3 of 3 people found the following review helpful
on March 11, 2008
I have a European background and I am also currently living in North America for a while, so I can say that I have a good understanding of lifestyle and economy in both worlds.
This book is so accurate and shows what many actually feel but cannot explain or find the reasons for. Indeed Europe is specialized in quality of life while North America has been dominated by the love for material goods and that has greatly affected the core values of the human spirit and the sustainability of future generations. The book is supporting with statistics data all topics presented and it is not just a theoretical or philosophical point of view, it shows the reality.
This book is good for those who have had the chance of understanding the European culture and lifestyle and want to make a comparison to their current lifestyle in North America.
Also highly recommended for those who are willing to understand how today world is changing. It is a great insight view for the North American people who didn't have the chance or time to know other cultures and ways of life and actually make a comparison that can only drive to positive changes in their life.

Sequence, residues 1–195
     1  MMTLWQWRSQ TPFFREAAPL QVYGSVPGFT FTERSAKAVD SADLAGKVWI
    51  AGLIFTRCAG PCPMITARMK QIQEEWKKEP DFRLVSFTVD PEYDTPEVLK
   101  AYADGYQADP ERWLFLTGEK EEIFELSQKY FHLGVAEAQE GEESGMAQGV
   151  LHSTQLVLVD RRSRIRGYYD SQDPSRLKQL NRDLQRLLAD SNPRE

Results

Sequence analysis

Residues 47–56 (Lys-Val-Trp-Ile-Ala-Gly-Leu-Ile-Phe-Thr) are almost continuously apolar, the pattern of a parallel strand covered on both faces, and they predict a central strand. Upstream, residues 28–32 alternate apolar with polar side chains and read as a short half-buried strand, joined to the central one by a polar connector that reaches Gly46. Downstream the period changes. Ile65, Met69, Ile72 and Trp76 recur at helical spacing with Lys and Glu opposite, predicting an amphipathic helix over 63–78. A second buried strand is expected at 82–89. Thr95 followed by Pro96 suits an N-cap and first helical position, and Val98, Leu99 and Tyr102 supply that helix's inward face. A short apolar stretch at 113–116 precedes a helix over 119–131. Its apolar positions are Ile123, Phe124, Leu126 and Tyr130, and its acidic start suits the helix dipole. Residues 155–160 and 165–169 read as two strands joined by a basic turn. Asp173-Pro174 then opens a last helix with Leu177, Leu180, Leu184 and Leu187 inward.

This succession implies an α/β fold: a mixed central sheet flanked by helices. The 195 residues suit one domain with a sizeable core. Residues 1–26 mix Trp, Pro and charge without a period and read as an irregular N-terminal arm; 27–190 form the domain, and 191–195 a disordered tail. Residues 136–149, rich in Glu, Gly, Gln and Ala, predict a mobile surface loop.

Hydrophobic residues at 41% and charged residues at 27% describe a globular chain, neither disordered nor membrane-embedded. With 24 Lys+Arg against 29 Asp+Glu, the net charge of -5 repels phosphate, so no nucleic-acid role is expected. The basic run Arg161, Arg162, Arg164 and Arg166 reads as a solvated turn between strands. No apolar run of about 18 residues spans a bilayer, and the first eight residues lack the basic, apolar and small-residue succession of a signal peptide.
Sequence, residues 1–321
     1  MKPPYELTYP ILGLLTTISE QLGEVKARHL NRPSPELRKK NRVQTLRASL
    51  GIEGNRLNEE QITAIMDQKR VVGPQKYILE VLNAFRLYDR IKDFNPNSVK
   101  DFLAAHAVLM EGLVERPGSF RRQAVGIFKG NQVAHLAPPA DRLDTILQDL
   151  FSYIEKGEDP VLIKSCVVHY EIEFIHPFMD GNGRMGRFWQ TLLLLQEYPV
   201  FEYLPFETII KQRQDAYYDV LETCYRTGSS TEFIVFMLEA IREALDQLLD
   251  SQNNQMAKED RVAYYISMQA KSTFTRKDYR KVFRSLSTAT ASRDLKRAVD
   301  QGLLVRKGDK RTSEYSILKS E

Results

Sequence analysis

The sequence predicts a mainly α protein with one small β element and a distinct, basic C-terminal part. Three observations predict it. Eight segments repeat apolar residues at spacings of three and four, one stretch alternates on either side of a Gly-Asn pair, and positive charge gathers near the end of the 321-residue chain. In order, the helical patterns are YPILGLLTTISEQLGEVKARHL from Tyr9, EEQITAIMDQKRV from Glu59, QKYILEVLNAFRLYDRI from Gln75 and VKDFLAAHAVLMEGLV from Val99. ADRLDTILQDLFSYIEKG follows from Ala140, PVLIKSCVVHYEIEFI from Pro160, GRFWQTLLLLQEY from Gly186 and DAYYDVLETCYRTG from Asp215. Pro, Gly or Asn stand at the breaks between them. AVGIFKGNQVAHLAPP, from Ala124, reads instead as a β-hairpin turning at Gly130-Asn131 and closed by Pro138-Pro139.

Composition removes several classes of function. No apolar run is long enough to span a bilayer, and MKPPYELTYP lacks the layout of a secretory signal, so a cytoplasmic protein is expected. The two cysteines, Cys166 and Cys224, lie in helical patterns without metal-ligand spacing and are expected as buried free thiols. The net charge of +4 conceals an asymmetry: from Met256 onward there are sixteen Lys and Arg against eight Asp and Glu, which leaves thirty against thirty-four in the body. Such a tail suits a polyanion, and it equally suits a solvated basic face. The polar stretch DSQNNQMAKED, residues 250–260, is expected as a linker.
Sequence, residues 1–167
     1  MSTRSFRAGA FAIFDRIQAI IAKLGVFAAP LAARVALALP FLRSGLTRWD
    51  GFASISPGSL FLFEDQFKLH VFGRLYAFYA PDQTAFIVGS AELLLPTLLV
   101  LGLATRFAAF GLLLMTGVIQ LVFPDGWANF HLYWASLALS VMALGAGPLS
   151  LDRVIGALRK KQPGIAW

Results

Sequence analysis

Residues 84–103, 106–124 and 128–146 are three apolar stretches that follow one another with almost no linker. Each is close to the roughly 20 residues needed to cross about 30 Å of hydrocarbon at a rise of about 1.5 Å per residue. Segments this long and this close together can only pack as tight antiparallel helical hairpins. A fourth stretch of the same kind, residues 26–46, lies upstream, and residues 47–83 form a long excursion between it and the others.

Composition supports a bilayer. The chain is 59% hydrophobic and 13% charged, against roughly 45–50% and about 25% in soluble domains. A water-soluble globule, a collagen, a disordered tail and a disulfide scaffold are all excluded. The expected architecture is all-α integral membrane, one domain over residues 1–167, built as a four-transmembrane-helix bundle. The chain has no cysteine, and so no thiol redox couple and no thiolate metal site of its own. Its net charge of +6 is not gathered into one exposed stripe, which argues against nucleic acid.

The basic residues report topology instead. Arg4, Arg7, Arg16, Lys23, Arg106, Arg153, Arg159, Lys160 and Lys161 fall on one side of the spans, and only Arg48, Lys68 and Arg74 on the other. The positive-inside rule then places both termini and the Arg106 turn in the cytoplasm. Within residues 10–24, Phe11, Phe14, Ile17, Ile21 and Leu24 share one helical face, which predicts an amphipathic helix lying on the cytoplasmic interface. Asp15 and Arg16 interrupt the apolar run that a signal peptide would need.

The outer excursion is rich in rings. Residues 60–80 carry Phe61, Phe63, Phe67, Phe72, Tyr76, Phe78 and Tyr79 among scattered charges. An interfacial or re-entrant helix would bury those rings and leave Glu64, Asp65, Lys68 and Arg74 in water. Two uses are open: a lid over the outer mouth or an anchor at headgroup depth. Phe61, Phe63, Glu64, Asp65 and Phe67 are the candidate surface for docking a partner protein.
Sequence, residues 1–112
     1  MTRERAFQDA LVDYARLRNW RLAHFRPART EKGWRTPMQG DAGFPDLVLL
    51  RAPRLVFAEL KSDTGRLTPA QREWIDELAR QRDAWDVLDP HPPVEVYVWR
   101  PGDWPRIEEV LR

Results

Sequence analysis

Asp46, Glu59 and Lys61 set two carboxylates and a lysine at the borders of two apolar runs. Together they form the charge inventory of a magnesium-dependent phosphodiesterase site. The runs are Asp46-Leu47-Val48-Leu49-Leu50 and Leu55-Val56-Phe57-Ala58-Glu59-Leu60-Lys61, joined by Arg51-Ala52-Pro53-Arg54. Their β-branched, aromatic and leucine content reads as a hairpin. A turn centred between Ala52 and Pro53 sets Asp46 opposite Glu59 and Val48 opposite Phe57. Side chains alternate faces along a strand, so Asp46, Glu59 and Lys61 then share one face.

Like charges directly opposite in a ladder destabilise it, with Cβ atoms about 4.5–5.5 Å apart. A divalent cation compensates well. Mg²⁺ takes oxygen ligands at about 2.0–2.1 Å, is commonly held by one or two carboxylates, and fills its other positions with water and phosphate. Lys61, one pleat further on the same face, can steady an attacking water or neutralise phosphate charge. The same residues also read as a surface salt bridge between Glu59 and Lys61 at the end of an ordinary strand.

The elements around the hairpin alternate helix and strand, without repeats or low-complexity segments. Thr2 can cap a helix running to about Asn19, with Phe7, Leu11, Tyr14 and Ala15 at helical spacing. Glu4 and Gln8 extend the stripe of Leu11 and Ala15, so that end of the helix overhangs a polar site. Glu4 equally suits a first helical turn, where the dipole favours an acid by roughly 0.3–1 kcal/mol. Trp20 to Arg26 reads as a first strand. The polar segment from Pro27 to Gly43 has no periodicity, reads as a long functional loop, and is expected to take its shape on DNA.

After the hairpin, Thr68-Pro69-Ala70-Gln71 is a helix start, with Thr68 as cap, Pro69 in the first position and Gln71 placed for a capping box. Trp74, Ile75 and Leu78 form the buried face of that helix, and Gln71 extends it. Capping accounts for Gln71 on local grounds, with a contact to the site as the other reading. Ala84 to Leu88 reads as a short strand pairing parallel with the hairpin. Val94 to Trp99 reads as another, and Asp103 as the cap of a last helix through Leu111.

After reading the book it happened to see Jeremy Rifkin in some TV interviews on other topics and I have been greatly impressed by his background and economical expertise.
on January 10, 2005
It's a contemporary review and comparison of European / American culture, social issues, political goals, all embedded in a historical context. One of the book's best traits is the objective approach and the thorough knowledge the author shares with the reader. Issues described are not mere theories but rather facts backed up by numbers and statistics.
Recommended to everyone who would like to get a better insight and understanding of today's globalizing world.
1 of 14 people found the following review helpful
on May 1, 2006
The book might have made an interesting magazine article. Rifkin obviously mistakes quantity for quality and has padded the book with tiresome and verbose repetition to 385 extremely badly written pages. It dismays me that a man capable of such slovenly English usage is advising, so we are told, heads of state and world leaders; one can only hope that he thinks and speaks much more coherently than he writes. The book is a sad commentary on the state of publishing today; the editor is as guilty of careless, sloppy work as the writer.